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It was getting towards dusk when Gami-Gami entered the common room of the Inn. She had a big grin on her face and some mud. But what mattered to me was that she was here, before curfew. She ambled over to our table. “It is a big city, is it not, Mir’Itus, sir?” She bowed to him. “You are looking well, Mistress Rat.” She bowed to me and thumped down in a chair, pulling a plate of food towards her.
We had taken a table in the middle of the common room. While there were a few Nezumi and Hengeyokai staying at the Inn, we were only a handful of a crowded room. The Princess sat at a table near the fire, as is right. Princess sat at the head and Neiki, Tatsuoh and Shasuki sat with her. Nya stood near the stairs going up to the rooms. Her eyes roaming over the crowd.
I tried to relax. After all, we were safely at the Inn and no one made a big fuss about having non-humans mingling in the common room. For once the smell of the food overwhelmed the smell of unwashed humans. It was good food, though hotter than I generally care to have. I sat with the plate in front of me, waiting for the meat to cool. I must have been in just the right spot because I could hear the Princess’ table quite well.
They discussed the cavern map they’d gotten from the garrison commander. Mir’Itus had gotten one for us to study. He likes maps and such. I find them interesting, but not as good as books. He pulled it out. Gami-Gami and I leaned closer. Gami picked it up and held it close to her face. “There is no smell upon the map.” I raised my whiskers, in question and Mir’Itus nodded politely. Silence. “You having point, yes?” I asked. “Nezumi, you use your smell like sight. A Nezumi map should smell.” Mir’Itus laughed. “That is true! Very true.” He chuckled and lowered his head to the map again. I was not surprised to see Grandpa’s spirit leaning over examining the map, too. “Honorable shaman of the Third Whisker tribe, hear my words: I do not like this narrow passage where only one may walk at a time. Please ensure that my granddaughter has a healing potion with her. She should never be alone but in this cavern pass, she will be alone at times.” I nodded and sighed.
“What?” Mir’Itus looked up. I spoke in Nezumi. “Grandpa. He’s got an opinion about the map.”
“Of course he does! He has an opinion about everything concerning his granddaughter. What does he say?” I flicked a piece of pepper off the table. The smell of humans was getting stronger. New people in the room, perhaps.
“He’s worried about this area.” I pointed to the cave-in areas where only one person could travel at a time. “He wants me to make sure everyone has healing potions.” A voice at my elbow spoke. “We should take extra bags, in case we found the fabled treasure of Kurasawa Yoki.” The smell was the first thing I noticed, even before registering that the child spoke almost flawless Nezumi. “Who you be, small human child-creature?” I covered the map with one hand.
“I am called Hekari, honored shaman of the Third Whisker tribe.” The child bowed low, sweeping its unusual knife behind its back. “You are a smart…..” (“girl,” supplied Mir’Itus who is better at this sort of thing.) “Yes. Smart-smart human. Go away.” I turned away from her.
“I am not going anywhere! Or, rather, I am going somewhere with you! I am your guide for the caverns.” I heard Tatsuoh’s voice — “Hekari! Here!” The child bowed to our table. “I have to go.”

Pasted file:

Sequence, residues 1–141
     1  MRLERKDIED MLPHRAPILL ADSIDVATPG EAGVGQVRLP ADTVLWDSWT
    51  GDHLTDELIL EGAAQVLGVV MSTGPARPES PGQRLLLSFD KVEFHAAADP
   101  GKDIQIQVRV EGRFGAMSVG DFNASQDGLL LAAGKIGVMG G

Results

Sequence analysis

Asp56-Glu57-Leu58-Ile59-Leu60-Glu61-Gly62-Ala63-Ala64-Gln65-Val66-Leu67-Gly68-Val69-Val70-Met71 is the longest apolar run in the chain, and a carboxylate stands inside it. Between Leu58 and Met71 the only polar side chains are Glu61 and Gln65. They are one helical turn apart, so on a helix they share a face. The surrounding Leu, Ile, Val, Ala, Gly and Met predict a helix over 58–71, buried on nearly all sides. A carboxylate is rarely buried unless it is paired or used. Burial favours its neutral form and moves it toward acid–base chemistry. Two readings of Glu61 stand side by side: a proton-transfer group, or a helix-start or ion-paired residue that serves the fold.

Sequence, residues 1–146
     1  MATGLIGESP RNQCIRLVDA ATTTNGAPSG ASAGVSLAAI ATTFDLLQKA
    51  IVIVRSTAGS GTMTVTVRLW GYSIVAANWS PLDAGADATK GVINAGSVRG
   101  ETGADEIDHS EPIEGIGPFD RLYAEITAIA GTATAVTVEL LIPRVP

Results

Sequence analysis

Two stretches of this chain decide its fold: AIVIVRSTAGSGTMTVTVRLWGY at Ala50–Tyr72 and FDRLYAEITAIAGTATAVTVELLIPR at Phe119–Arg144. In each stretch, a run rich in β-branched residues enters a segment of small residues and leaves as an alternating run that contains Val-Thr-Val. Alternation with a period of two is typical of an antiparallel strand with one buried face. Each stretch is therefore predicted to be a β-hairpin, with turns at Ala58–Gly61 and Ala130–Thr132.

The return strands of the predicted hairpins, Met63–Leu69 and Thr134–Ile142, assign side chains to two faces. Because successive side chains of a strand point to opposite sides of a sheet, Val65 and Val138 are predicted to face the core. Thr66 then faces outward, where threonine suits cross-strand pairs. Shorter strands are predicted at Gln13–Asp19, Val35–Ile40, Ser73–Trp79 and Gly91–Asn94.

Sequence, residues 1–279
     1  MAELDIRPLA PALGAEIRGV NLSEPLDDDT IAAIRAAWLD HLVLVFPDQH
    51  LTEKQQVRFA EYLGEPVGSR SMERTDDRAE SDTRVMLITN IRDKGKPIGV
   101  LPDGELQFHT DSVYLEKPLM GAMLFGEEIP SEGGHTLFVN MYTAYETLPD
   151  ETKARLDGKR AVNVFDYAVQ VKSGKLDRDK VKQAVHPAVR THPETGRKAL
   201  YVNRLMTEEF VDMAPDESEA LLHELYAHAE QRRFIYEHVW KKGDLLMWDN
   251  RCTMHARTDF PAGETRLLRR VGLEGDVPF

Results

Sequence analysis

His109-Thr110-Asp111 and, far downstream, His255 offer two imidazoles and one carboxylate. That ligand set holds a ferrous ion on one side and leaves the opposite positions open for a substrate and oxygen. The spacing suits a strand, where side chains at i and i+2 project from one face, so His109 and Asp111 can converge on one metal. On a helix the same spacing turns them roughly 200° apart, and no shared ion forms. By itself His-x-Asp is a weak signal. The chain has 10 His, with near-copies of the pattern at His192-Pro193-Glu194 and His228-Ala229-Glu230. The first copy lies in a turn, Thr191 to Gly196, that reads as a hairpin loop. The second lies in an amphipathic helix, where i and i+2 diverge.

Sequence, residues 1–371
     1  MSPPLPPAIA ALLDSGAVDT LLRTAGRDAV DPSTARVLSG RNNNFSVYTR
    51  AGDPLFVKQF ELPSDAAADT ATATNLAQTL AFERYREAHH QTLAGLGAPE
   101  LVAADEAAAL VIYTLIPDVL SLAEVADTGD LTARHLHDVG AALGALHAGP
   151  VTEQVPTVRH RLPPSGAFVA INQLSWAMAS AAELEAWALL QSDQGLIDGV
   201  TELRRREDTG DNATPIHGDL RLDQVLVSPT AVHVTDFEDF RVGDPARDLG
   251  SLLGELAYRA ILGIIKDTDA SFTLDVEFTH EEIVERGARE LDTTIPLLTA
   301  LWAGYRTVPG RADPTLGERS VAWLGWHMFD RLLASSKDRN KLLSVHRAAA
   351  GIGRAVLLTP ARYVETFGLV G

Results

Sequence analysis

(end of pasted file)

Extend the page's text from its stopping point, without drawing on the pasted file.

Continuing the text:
I stood as well. I needed to deliver Grandpa’s pronouncement and better done sooner and be away from the gaze of Nya and the others. Whenever I approach the Princess, Nya stiffens – ready for battle. The Princess is warm and kind but these around her… Suspicion hangs on them like a smell. Not so with the Princess — she even touched my arm there in the midst of the battle with the yeti.
I took a deep breath. Be bold, I told myself. No fear. At the foot of the table I thumped my staff on the floor. “Te’Ka’Mok would speak!” I tried not to think about how quiet the common room had become. “Princess,” I bowed lowed. “Honored Grandpa. He have message for you.” She nodded. “Please speak, honored shaman.”
“You Grandpa, he say that cavern map worry him. Me, um, I agree with he. Spot in cavern where only one may walk, that dangerous. Must have the potion of heal. Te’Ka’Mok cannot be in all places. And place where one may walk especial.” Neiki spoke up. “I can offer healing, too.”
I nodded. “Yes-yes. Of course, honored one.” I bowed to her. “I not know — but can spirit folk be in space with human?” Neiki looked puzzled. “Ah, not saying right. One person space, yes? Princess one person and you one person — yes? Or no?” I waited, proud of how well I’d used my bad English to convey a difficult concept. There were confused looks all around the table. “Um…. I am not sure that I understand…” Neiki began to speak when Hekari interrupted: “I speak good Nezumi! Hold on.” And she turned to me and asked what I meant. Ha! Perfect. Let this one speak for me. No more playing at English. She turned to the group. “What the honored shaman asks is can the spirit woman (she bowed to Neiki) move through solid objects. Like, can Neiki (again Hekari bowed for using the spirit woman’s name so casually) pass through the Princess and then heal her in a space that only really fits one person.”
Neiki laughed. “No, it doesn’t work that way. Unfortunately. And I agree with our revered shaman — we should all have healing potions. Caverns or no.” Tatusoh frowned. “The marketplace won’t open until the hour of the open petal. There goes our early start.”
“We should still retire to our beds now,” said the Princess. “And you (she pointed at Hekari) need to take a bath. Upstairs you go!”
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